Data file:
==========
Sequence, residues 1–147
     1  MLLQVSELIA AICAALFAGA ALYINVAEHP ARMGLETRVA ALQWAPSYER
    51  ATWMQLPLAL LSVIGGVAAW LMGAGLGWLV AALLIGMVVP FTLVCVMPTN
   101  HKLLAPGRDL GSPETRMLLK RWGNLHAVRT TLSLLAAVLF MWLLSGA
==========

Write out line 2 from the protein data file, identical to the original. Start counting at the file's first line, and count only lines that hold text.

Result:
     1  MLLQVSELIA AICAALFAGA ALYINVAEHP ARMGLETRVA ALQWAPSYER